A Year in Twelve (Very Short) Stories

Unripe Figs, Canadian Television, and Unpaid Labour

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Illustration: Danielle Morgan


Fig season is over but there are still a few left at the grocery store. Though, there are not enough left to fill their own section and the ten remaining figs are placed on top of a pile of satsuma oranges, which are in season. I squeeze a few of the figs and the skin is hard but I buy three of them anyway. As soon as I leave the store, I take a bite out of one. The skin halts grossly against my teeth and the mealy middle fills my mouth. I consider throwing it out but don’t. I don’t eat it because I enjoy it. I eat it because I know what it’s supposed to taste like.


While at my parents’ house, I go through old boxes and sort the contents into “keep” and “toss” piles. In a box labeled “university,” I find one of my old essays. Beside the paper’s second paragraph, my professor’s handwriting reads, “sentence fragment!!! No!” I place the paper onto the “toss” pile.

In the same box, I find a bag filled with half a set of cutlery. When my ex-boyfriend and I broke up, we haphazardly split up the set. There’s not much use for two spoons, five forks, and one knife so I chuck the bag into the “toss” pile. A moment later, I move it over to the “keep” pile, telling myself that I’ll just combine it with another set. A complete set.


I fly to Stockholm and take the train to my new apartment. To test my Swedish language skills, I attempt to read the advertisements attached to the walls of the train. One of them promotes a gym’s exclusive perks and I wonder what the word “Sverige” means. I google it: it means “Sweden.”


To celebrate my birthday, my boyfriend and I make sushi at home. I am cranky even though I’m having a great time. Briefly, I wonder if I’m irritable because I’m allowed to be irritable considering it is my birthday. I wonder what kind of person does something because they can do it instead of doing what they want to do. I wonder if I am the kind of person who goes to Denny’s for free pancakes on their birthday even though they don’t like pancakes or Denny’s. I decide I am probably just out of sorts but I do wonder.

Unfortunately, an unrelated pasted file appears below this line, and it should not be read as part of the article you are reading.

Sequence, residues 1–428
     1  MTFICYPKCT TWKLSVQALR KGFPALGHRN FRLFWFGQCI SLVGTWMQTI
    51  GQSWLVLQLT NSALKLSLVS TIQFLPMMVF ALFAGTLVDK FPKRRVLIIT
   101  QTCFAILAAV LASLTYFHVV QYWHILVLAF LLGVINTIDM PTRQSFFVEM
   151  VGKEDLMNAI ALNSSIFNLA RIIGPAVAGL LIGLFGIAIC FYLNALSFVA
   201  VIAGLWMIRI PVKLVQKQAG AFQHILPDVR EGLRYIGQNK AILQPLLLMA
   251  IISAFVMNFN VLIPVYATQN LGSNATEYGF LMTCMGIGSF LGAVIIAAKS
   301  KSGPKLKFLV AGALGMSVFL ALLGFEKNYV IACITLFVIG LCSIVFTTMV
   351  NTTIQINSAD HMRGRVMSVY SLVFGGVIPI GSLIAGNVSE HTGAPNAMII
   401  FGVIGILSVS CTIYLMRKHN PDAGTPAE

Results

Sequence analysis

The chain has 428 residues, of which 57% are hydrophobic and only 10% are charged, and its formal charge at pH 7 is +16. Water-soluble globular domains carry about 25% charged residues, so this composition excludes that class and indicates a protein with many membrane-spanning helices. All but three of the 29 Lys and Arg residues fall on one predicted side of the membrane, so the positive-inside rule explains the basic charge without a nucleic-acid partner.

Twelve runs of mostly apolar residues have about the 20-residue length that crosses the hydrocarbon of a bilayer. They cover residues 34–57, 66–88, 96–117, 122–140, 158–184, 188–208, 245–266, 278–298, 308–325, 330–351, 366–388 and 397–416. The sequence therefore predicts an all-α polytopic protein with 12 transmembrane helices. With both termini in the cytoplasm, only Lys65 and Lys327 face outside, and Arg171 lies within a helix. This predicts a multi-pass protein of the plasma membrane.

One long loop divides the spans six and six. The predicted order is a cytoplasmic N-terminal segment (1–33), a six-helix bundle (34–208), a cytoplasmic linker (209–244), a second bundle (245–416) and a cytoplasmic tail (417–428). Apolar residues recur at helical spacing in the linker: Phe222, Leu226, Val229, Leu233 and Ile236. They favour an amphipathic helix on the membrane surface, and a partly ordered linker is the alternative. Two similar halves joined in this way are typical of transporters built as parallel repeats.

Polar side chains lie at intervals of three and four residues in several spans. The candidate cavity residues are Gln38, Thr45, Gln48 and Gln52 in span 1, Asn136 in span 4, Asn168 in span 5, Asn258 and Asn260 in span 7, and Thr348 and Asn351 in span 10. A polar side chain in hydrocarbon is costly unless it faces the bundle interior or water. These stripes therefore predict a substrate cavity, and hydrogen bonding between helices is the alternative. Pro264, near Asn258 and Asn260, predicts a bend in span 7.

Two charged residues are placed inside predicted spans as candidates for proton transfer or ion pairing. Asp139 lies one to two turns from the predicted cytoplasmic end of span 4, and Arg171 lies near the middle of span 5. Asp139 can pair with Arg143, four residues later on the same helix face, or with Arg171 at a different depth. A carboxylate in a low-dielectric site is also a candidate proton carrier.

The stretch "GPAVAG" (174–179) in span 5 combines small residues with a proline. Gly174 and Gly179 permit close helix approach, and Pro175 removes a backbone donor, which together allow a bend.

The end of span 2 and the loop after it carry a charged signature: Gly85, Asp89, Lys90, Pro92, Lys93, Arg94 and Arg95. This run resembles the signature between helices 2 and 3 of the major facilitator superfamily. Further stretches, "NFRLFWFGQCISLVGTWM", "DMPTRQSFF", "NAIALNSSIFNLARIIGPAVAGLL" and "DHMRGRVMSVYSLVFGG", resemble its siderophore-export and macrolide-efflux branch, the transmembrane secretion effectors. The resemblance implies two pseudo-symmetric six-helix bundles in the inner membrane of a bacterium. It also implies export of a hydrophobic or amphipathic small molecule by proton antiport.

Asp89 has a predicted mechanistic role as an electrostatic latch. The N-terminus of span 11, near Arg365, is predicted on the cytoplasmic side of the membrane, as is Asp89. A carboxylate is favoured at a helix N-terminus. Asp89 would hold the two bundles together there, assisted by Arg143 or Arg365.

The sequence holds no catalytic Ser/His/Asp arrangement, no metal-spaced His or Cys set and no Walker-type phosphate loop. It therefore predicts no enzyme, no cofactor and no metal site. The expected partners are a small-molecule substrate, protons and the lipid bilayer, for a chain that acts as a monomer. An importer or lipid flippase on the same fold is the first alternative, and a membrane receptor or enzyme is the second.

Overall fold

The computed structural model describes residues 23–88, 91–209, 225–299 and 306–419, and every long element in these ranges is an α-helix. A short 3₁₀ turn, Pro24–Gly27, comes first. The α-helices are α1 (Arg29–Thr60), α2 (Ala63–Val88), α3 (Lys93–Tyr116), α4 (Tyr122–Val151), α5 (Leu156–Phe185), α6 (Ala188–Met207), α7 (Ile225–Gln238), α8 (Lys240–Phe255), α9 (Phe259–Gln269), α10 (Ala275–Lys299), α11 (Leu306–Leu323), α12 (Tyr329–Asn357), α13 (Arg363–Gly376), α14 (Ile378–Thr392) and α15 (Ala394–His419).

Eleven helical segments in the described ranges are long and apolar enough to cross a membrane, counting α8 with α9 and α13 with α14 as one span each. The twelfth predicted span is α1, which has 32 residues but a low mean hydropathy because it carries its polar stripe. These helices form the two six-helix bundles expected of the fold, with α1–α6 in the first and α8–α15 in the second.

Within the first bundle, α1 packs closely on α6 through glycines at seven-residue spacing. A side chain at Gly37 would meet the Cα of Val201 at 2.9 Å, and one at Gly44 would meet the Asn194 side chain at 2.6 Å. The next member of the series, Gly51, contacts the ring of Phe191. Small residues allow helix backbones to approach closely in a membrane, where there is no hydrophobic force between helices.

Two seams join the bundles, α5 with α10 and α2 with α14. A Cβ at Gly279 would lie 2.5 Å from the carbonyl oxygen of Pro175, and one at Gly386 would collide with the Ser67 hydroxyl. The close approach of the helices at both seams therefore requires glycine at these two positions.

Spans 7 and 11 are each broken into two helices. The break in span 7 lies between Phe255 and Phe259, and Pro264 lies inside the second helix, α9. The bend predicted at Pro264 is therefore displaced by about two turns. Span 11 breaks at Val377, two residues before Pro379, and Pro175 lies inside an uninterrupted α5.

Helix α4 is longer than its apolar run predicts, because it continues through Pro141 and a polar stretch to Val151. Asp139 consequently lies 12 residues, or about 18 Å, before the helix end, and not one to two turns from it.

I write my mailing address down wrong on a Swedish migration form and my residence permit card does not arrive. When I call the migration office, the man on the line tells me to write the incorrect address on a separate mailbox and place it outside my door. He tells me to be patient and hope that the mail person spots the error. Despite feeling like I am an unwilling participant in a Monty Python sketch, I buy a plastic mailbox and write an incorrect address on it in permanent marker.

It turns out that two wrongs do not, in fact, make a right. I call the migration office back and the woman on the phone asks for my residence permit number. If my card has not arrived, how do I access the card’s number? She informs me that she cannot give me any information about the card unless I can give her the card’s number.

I receive an email telling me that my card has accidentally been sent to a migration office in a different city. They happily inform me that I am finally able to come pick it up. This point is emphasized with three exclamation points. The city is nine hours away.